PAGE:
Photo by Donna
Have been on a sourdough binge since the purple cabbage post (waffles last Sunday, bread, pictured above, by dinnertime) and loving Carri's ratio of 1 part starter : 1 part water : 2 parts flour with 1% salt by weight, though I back off by about 20% on the water because it's been so humid. I usually make a dough that's between 30 and 40 ounces total weight.
I've noticed various differences in the loaves and because I've put up the BLT From Scratch Challenge, I thought I should go over the 5 key steps of making bread, whether you're using sourdough or commercial yeast.
Mixing/Kneading:Mix or knead the dough to the point that it can be stretched to translucency. This ensures that it will adequately trap the gas being released. Not mixing enough will fail to develop the gluten that makes it elastic; overmixing can break up the gluten network. Mixing flour, water, salt and yeast is the first pleasure of making bread--I like my hands in the dough and always finish the kneading by hand (I'm not a fan of the no-knead bread—it diminishes both fun and flavor; but then again, I have a mixer to do most of the labor).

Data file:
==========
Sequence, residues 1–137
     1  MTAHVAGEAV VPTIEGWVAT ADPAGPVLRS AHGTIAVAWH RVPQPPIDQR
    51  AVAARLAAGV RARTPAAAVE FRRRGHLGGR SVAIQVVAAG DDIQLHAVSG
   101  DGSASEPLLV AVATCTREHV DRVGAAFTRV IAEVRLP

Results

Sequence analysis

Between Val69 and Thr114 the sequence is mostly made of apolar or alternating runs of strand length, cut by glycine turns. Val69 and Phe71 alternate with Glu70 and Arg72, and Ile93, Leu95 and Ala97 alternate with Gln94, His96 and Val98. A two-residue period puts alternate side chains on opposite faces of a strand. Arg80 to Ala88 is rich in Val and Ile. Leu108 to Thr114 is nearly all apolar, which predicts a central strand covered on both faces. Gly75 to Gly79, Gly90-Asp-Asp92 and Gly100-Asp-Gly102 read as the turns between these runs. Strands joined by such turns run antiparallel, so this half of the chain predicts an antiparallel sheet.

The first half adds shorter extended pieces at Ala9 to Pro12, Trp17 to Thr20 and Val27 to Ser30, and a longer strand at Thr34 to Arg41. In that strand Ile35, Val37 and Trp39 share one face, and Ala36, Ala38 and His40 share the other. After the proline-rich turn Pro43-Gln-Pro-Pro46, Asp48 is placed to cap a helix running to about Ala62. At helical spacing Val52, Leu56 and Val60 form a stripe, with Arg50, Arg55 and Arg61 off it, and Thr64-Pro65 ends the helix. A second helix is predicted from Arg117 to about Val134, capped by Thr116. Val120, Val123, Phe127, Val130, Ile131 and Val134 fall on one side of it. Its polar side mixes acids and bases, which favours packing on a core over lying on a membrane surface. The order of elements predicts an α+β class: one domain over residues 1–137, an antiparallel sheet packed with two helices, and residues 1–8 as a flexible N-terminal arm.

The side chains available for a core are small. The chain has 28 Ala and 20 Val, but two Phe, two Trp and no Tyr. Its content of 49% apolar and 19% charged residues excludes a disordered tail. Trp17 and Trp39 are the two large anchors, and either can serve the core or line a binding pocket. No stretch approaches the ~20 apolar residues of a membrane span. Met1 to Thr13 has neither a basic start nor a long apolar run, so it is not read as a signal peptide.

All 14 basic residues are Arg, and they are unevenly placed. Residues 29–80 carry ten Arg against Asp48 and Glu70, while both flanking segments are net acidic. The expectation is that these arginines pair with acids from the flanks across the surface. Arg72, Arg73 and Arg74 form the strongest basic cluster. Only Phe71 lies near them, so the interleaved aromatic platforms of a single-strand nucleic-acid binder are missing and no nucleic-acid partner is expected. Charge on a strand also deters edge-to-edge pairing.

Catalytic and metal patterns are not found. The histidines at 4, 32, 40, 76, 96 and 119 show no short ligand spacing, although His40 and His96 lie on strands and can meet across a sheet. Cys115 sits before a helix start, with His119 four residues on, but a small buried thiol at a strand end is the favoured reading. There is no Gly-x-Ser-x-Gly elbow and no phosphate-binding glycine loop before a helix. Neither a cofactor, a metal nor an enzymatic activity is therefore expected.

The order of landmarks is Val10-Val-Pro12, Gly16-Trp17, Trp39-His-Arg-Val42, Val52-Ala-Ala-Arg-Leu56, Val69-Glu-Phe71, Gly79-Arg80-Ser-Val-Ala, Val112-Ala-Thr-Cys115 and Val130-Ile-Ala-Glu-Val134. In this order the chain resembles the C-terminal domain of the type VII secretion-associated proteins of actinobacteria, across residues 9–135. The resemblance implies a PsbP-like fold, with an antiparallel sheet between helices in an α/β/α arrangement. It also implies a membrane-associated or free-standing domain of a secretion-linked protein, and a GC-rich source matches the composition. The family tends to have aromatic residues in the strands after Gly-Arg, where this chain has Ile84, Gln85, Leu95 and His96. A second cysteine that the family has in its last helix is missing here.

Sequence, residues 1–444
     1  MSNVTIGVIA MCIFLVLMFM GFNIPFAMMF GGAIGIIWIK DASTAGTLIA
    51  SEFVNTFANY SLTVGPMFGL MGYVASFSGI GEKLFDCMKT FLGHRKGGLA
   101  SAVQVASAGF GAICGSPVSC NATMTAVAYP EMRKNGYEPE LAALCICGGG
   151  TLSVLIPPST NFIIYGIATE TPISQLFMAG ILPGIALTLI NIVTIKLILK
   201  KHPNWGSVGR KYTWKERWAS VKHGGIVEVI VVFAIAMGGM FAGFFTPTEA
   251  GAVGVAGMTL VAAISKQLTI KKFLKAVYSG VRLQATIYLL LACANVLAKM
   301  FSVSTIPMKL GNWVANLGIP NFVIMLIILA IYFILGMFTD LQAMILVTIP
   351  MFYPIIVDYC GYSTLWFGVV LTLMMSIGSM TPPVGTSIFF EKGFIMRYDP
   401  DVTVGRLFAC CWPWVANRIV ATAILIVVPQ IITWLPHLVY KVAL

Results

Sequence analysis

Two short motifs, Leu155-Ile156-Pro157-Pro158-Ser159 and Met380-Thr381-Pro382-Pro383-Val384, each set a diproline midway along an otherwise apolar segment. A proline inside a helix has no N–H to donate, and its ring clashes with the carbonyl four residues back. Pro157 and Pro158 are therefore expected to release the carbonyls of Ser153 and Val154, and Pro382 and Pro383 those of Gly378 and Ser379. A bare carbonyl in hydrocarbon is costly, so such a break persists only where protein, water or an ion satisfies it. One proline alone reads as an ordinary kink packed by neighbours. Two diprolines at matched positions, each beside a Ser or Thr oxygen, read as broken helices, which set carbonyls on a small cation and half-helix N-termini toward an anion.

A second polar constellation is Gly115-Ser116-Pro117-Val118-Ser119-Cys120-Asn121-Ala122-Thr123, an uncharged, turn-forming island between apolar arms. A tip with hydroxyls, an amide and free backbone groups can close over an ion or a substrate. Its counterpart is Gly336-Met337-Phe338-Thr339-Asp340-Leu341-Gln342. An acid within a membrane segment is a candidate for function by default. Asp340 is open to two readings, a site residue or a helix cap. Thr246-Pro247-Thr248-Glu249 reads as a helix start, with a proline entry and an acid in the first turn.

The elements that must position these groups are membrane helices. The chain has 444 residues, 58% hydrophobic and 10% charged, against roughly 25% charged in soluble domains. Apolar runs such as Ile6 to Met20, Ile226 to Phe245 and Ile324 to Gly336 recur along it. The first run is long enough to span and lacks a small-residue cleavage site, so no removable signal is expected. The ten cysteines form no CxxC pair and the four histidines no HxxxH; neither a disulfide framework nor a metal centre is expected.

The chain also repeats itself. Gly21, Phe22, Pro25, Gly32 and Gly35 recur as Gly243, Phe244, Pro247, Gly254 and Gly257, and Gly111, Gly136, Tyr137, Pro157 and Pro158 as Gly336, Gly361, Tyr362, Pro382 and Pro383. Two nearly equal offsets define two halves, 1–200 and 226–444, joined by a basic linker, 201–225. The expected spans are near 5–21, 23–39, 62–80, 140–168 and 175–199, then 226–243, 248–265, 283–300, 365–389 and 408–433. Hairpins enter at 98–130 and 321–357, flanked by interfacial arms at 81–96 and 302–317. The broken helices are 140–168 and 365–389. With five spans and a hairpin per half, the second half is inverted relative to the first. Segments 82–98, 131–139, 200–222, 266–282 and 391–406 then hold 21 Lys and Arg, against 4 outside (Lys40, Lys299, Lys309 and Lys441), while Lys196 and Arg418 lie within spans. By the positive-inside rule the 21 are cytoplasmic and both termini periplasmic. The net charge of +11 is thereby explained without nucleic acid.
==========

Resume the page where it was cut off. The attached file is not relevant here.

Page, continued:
The First Rise:Sometimes called fermentation, allowing the yeast to create gas and flavor, and good elasticity in the dough, but not so much that it becomes slack from over rising. It should roughly double in size, and it should not spring back when you poke it with your finger.
Shaping:After it's risen, knead it again to force out as much gas as possible and redistribute the yeast. Let it relax a little so the gluten doesn't work against you, then shape it as you wish, into a baguette, into a boule. Make it as tight as possible.
The Second Rise:The second rise allows the yeast to get back into action, aerating the dough into the shape and interior structure. It should take about an hour at room temperature. In my opinion this is the most important step. You can also refrigerate it for up to 24 hours to develop more flavor. If you do, let it warm up a bit at room temperature for an hour or so.
Baking:Start it in a very hot oven. You can turn the oven down if you think it's making the crust too dark. I cook my bread till the interior is about 200 degrees.
That's really all there is too it. There is of course more in Ratio, but these are the basics.
One last thing though. Jim Lahey, via Mark Bittman, introduced baking a boule in a Dutch oven. This is a fantastic idea. Moisture released while it bakes remains trapped in the the pot, resulting in a fantastic crust. Highly recommend this if you're making a bread for your BLT. Highly recommend anytime you're making bread.
Great bread at home is not a mystery or a science, it's simple a matter of recognizing the key steps above and paying attention to them.